Ephesians 2.4-9 "But God, being rich in mercy, because of the great love with which he loved us, even when we were dead in our trespasses, made us alive together with Christ— by grace you have been saved— and raised us up with him and seated us with him in the heavenly places in Christ Jesus, so that in the coming ages he might show the immeasurable riches of his grace in kindness toward us in Christ Jesus. For by grace you have been saved through faith. And this is not your own doing; it is the gift of God, not a result of works, so that no one may boast."

So what does all this mean day to day for me? It means that I am of no higher value than any other human being who I meet or don't meet. My genetic and cultural heritage gives me no better standing than anyone else, since the common heritage of God's image and condemned sinfulness overrides all differences. My faith in Jesus Christ gives me no more personal value than others because my faith requires the work of God to initiate and maintain. Similarly, the righteousness I strive for in my living makes me no better than anyone else, because without the supernatural work of God I could do nothing good!

God, thank you for the humility you give to me after destroying my pride. Help me to never look down on others who bear your image as having less worth or even being beyond your reach. All the good we do is from you, and all the evil we do is shared with all of humanity. Make me always humble under your mighty hand!

Tuesday, February 17, 2009

Purpose and Progress

Genesis 1.1-4 (ESV)
In the beginning, God created the heavens and the earth. The earth was without form and void, and darkness was over the face of the deep. And the Spirit of God was hovering over the face of the waters. And God said, "Let there be light," and there was light. And God saw that the light was good.

Pastor Henry G. Brinton, as quoted by Al Mohler on his blog, "sees no contradiction in accepting that humans are the product of evolution and believing that God decided evolution would be the method by which humans would be created." This sounds perfectly reasonable in many ways, and is a common way that Christians (including me) have reconciled the creation story of Genesis and evolutionary theory. Dr. Mohler brings up a very important point, though. He writes, "the mainstream doctrine of evolution denies that evolution can have any fixed goal at all. Nothing had to happen... We can eliminate the conflict between evolution and Christianity if we redefine God to be something far less than the Creator he reveals himself to be in Genesis."

Many Christians (again, including myself) have said that the Bible reveals why all things were created, and that science has discovered that evolution is how this was accomplished. But the issue of purpose that Dr. Mohler brings up points at a problem with that dichotomy. Is the universe a blind assortment of collisions whose "purpose" only appears when certain patterns of collisions become imperfectly self-perpetuating? The point is that if we say that naturalistic evolution explains the "how" of our existence, is there any point in looking to any religion for a "why"? Naturalistic evolution tells us that we are here by random chance or, worse, by an exceptionally complex but unyielding mechanical process. Scientific observation, models, theories, and predictions can be very useful and are a way that God has enabled us to "fill the earth and subdue it," (Genesis 1.28) making it a better place to live in many ways. But how can we speak of any purpose, any right or wrong, if we are just lucky to be here in the form we are in? There is a conflict between two "truths," so one of them must not be true.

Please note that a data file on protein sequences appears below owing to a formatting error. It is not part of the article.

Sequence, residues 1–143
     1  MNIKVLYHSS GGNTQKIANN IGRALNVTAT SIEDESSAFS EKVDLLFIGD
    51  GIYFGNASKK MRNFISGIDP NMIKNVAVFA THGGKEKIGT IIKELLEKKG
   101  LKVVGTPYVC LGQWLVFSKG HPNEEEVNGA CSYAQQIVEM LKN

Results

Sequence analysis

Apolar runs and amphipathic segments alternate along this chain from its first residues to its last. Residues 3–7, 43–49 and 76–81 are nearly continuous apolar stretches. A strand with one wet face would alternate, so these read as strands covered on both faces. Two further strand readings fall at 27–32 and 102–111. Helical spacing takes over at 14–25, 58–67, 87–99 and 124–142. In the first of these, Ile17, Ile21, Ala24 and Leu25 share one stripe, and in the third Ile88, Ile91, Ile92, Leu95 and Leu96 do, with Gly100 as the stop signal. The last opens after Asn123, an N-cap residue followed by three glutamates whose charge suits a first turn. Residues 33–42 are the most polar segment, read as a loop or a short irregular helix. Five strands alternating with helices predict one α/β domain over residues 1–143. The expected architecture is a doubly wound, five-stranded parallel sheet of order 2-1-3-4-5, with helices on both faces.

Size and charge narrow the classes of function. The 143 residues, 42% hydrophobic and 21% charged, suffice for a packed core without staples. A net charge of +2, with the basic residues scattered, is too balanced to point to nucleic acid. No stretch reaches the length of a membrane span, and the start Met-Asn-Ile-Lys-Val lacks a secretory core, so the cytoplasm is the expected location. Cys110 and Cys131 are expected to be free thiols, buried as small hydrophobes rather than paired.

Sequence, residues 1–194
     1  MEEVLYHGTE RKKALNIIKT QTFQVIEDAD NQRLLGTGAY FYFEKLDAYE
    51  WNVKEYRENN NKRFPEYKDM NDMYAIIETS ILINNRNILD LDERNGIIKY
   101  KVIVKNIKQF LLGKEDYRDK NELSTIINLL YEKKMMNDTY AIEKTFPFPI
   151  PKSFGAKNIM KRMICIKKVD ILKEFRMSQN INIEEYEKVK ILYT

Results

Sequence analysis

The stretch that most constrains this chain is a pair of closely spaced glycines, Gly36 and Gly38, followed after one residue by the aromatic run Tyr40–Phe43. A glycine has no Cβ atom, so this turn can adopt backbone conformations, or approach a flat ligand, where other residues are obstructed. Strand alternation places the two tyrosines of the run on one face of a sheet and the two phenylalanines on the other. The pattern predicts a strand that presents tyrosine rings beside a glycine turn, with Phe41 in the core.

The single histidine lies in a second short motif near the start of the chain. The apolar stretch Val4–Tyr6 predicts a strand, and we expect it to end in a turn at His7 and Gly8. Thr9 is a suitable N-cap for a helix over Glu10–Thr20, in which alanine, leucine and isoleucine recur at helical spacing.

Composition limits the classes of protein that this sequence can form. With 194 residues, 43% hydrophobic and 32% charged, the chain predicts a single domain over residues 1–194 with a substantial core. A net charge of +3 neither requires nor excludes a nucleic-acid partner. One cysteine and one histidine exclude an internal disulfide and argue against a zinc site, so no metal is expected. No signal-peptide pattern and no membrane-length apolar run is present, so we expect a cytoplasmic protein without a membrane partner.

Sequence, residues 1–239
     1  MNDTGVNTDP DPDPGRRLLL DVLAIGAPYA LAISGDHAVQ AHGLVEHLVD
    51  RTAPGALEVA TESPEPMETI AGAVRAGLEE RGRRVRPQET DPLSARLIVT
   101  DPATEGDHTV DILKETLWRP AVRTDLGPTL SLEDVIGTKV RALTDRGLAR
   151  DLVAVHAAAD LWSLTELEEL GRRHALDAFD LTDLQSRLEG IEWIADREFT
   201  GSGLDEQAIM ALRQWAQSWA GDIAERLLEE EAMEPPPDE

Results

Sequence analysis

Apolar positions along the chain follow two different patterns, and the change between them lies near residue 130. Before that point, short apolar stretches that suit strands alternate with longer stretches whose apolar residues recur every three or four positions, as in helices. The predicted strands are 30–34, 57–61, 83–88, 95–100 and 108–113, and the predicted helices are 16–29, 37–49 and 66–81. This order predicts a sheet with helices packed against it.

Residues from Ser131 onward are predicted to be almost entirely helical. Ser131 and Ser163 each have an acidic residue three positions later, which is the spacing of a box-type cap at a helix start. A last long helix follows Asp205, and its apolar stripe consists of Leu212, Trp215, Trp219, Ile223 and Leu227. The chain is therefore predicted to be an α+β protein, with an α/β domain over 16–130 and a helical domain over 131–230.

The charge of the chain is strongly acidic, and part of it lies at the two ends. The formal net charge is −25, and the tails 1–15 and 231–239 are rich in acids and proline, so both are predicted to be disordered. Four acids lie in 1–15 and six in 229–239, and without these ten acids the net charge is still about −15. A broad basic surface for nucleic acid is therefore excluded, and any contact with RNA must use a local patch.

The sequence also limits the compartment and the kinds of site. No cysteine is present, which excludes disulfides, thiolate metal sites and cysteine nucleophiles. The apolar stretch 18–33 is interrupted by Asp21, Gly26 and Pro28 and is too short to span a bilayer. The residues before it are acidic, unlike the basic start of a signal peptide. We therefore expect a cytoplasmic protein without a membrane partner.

G.K Chesterton speaks of the necessity of a fixed ideal or goal to guide progress in the chapter "The Eternal Revolution" in Orthodoxy. He says that naturally evolving systems have no goal in mind, but only immediate perpetuation or aimless drift in current conditions. (Keep reading in Genesis to find out about the perfection Chesterton speaks of Adam seeing.)

"At any instant you may strike a blow for the perfection which no man has seen since Adam. No unchanging custom, no changing evolution can make the original good any thing but good. Man may have had concubines as long as cows have had horns: still they are not a part of him if they are sinful. Men may have been under oppression ever since fish were under water;still they ought not to be, if oppression is sinful. The chain may seem as natural to the slave, or the paint to the harlot, as does the plume to the bird or the burrow to the fox; still they are not, if they are sinful."

How can we "strike a blow," how can we take a stand that something must change because it is wrong, if our only measure of right and wrong is the consensus of most people this moment? Even worse is the view that some people are somehow more "ethically advanced" and that their ethics should guide the rest of us. How do you evaluate advancement if there is no standard for comparison? And if there is a standard, why would I want to conform to a more or less advanced example of the standard when I should strive to bring myself to the ideal standard itself?